Why would a library want to acquire indie audiobooks? Some of the most popular audiobooks are from indie authors. Besides, your local authors may be doing audiobooks, and now you can add them to your local author collections. Adding local author audiobooks is another great way for libraries to support their communities.

Libraries can now add indie audiobooks to their collections through the same channels that they add indie ebooks. Read on to learn how.

But, first, let’s take a quick look at how indie audiobooks are created, and how they can find their way into library collections. As with indie ebooks, it may be easier than you think, both for the authors and for the librarians. Continue reading Indie Audio: Libraries Need Indie Audiobooks

Happy National Poetry Month in Webcomics

Every Wednesday you can catch a new episode in Nonsense Poetry Comics posted by Sean Monett on Twitter @FlowerPower. On Tumblr each week’s update (often unrhymed) offers incisiveness lines with images that pack the major content points.

Since April is National Poetry Month in the US, what better way to discover webcomics? While wit is always apparent, images sometimes appear in black and white, sometimes in gorgeously hued tones. Some weeks bring multi-panel strips while others are single panel cartoons. Here’s a good place to find variety in comics communication styles as well as a moment of reflection with a smile.

Sound Learning Easier to Search

The Audio Publishers Association’s literacy promotion initiative, Sound Learning APA, has had its online presence altered just enough to make a big difference for users seeking audio literacy, and multimodal literacy content. The site includes research on listening and literacy, classroom-appropriate sample activities, and—now more evident than previously—lists of high quality titles sorted by listener interest age.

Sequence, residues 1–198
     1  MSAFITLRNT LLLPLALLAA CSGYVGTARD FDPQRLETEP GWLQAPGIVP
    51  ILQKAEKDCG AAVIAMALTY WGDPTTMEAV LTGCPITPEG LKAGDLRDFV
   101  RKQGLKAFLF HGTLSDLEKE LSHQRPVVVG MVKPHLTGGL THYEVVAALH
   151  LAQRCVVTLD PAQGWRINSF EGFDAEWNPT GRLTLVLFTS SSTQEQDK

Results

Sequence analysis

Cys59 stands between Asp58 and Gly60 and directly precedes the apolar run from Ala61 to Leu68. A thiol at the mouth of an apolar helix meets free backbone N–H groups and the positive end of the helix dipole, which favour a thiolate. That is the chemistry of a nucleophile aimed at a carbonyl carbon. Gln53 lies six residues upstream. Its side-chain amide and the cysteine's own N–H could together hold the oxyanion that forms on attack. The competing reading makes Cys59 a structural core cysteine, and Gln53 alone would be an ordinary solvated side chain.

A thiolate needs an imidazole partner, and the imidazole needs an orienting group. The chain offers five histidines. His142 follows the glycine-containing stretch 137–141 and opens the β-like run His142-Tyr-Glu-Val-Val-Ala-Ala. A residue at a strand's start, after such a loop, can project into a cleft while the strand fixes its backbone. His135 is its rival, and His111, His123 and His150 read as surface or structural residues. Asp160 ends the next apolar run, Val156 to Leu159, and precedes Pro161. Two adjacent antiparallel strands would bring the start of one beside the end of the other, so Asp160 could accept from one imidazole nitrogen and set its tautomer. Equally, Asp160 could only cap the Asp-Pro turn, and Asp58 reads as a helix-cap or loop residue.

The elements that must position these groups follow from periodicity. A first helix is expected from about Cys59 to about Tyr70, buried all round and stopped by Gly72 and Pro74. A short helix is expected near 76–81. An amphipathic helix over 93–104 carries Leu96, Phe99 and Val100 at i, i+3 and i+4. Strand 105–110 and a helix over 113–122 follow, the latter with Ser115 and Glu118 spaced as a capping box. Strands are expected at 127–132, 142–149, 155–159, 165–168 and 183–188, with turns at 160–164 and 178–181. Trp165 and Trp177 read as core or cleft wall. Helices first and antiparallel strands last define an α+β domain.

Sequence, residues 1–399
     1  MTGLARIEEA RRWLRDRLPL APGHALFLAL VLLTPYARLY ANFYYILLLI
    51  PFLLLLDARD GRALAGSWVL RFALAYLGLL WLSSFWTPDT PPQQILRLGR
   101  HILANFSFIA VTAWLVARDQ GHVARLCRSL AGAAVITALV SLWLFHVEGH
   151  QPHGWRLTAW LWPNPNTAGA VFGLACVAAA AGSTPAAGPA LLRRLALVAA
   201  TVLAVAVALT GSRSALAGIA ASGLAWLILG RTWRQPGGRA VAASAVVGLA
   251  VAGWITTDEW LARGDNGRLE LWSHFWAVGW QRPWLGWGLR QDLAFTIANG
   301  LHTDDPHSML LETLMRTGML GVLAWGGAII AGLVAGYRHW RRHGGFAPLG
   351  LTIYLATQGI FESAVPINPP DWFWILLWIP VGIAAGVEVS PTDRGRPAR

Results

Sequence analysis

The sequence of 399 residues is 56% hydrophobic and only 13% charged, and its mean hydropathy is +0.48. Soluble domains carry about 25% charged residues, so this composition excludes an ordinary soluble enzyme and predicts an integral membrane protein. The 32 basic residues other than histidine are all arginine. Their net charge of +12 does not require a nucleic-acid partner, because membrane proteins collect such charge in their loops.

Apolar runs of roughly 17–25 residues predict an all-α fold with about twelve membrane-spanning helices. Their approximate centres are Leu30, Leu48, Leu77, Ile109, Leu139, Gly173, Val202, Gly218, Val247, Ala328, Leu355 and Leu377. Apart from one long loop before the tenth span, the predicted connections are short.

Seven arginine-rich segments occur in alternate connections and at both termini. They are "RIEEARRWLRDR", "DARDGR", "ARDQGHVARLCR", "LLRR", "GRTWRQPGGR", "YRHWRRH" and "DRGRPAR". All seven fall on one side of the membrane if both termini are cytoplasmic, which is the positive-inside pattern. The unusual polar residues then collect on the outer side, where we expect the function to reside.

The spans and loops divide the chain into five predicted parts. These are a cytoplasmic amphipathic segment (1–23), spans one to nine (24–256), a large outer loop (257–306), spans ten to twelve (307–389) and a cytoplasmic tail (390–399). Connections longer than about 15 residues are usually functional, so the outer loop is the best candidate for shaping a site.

The lists are complete with annotations, sound clips, and covers. The newest list, Early Childhood audiobook suggestions, includes an essay on the pre-literacy skills audiobooks support and the list itself is subdivided for easy use by preschool teachers: there are titles by theme (e.g., music and rhyme, food, dinosaurs) each followed with activities using them with a group of under-five’s. As with the grade-level lists and the list for those who are ready for adult books, this one is deep as well as broad, with more than half a dozen thematic groups, each offering about four different titles. The range of publishers is also broad, appropriate to the site’s providers which is the audiobook trade group’s association.

This week in Literature and Arts

Seems impossible, but Steven Tyler turns 70 today! Steven was born March 26, 1948 in Manhattan (I wouldn’t have pegged him for a NYer). Happy birthday, Steven. Have a great one, man!

March 26, 1959: Raymond Chandler goes for the big sleep, dying at 70.

March 26, 1920: Scribner publishes F. Scott Fitzgerald’s debut novel This Side of Paradise (the book began life as The Romantic Egoist, but was revised after failing to sell).

Scott was fixing cars to pay his bills when the novel appeared in bookstores. In weeks he’d be the darling of American literature. He was 25 years old and had opened the door for many young writers to come.

Happy birthday to scholar and poet A.E. Housman, born in Bromsgrove. Worcestershire, England, March 26, 1859.

A Shropshire Lad is the real thing.

March 27, 1952: Singin’ In the Rain premieres at Radio City Music Hall before opening nationwide April 9.

I’m not a musicals fan, but I like this one tremendously because if the singing/dancing were removed there’s still a fun romantic comedy at work.

Happy birthday to Bohumil Hrabal, Born March 28, 1914, in Brno, Austria-Hungary. Probably not the most widely read guy on American shores, but he’s one of the greats.

His novel I Served the King of England will knock you on your ass!

Join me in wishing a happy 75th birthday Eric Idle, born March 29, 1943 in blitzkrieg England.

Monty Python; The Rutles; Spamalot; wink, wink, nudge, nudge, say no more.

Happy 75th, Eric. Still one of the great twits!

March 30, 1939: Detective Comics No. 27 featuring the six-page adventure, “The Case of Chemical Syndicate” introduces the “mysterious and adventurous” costumed crime-buster, The Bat-Man.”

Fuck yeah!

Happy 76th birthday to Eric Clapton, born March 30, 1942 in Surrey, England.

He’s still god.

Happy 75th birthday to Christopher Walken, born as Ronald (after Ronald Coeman) in Astoria, Queens, March 31, 1943. Except for a brief part in The Anderson Tapes most fans think his career began with The Deer Hunter but he actually did TV in the 50s as a kid, even appearing with Martin & Lewis.